From Seed to Bean
Second grade scientists have been learning about seeds and plants this spring through a variety of projects. In April, students worked with the Facilities Department to revive the Primary School Patio Garden, clearing out the beds and making a plan for a pollinator garden. Fay’s Director of Grounds Mike Casey chose native pollinator plants for the second graders to plant in the garden, and recently students were hard at work installing and caring for the new plants. Second graders also learned about native and invasive plants and read Flower Talk: How Plants Use Color to Communicate by Sara Levine, which explains how plants use color and scent to attract pollinators. Second graders will continue to be responsible for weeding the garden for the remainder of the school year and keeping an eye out for pests and diseases.
Students have also been learning about plant life cycles this spring by tracking the growth of a bean seed from germination through the full growth of the plant. Students learned the terminology for all the parts of the seed and plant and how the seed changes throughout the growth cycle. They illustrated and wrote about the growth process from the emergence of the first root, called the radical, to the cotyledons falling away when the bean plant reaches maturity. Each student planted and cared for their own bean seed, carefully measuring their plant's growth, tracking it on a large growth chart in the second grade classroom, and making daily observations about what they noticed in their nature journals.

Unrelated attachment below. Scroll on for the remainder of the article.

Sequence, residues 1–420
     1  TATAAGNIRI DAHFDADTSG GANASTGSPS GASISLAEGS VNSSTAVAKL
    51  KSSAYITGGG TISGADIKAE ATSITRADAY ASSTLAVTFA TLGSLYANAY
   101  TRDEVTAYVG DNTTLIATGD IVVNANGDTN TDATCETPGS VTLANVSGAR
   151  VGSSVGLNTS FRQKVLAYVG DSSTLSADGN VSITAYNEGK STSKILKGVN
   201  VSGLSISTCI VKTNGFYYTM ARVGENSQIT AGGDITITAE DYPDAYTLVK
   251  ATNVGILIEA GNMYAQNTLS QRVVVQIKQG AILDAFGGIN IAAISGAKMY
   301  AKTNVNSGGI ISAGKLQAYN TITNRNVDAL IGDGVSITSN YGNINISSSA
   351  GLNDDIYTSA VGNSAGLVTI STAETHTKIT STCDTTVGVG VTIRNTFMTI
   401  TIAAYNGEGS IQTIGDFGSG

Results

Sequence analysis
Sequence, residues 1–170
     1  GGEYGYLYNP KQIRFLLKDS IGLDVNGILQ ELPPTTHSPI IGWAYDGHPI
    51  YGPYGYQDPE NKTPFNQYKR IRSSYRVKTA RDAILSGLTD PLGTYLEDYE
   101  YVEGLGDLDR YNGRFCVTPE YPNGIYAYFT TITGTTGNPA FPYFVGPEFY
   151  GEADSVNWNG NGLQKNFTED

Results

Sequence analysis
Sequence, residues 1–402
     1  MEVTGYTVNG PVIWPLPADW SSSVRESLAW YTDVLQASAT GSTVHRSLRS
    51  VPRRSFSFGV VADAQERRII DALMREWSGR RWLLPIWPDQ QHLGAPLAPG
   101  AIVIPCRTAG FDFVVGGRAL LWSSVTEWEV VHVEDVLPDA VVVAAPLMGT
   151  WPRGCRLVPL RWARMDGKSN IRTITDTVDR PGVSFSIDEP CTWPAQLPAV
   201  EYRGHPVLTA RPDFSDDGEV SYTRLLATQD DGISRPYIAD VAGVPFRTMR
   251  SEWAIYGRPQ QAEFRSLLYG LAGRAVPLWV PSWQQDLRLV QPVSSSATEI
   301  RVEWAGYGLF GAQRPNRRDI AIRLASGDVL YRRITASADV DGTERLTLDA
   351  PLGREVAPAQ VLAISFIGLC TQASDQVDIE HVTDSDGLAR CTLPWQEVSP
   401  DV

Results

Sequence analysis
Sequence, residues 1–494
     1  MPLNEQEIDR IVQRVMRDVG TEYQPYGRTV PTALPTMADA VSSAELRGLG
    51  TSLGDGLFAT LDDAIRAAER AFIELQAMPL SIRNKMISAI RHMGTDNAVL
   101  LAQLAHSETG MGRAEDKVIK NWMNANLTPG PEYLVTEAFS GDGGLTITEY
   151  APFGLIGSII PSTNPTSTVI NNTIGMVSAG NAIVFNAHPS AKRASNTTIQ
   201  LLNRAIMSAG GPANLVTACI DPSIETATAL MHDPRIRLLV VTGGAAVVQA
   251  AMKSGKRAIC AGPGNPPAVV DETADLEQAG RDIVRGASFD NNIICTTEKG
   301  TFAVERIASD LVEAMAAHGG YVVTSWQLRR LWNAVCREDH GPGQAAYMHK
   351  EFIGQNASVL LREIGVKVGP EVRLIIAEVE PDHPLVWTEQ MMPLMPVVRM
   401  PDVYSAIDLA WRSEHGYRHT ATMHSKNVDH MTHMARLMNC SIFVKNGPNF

Once the plants had reached maturity, second graders learned about constants and variables by setting up a bean plant experiment. This month, students selected a single variable to change in the care of their plant. Working in groups, some students chose to water their bean plant with sugar water, green tea, or hot water, while others were curious to see how a bean plant might develop differently if it were planted in sand or if multiple seeds were planted in the same cup. Students noted all the growth factors, such as sunlight, water, space, soil, and temperature, and determined whether they were the variable or the contents of their experiment. Students continued to measure their plant's growth and make daily observations about the changes they notice in their nature journals.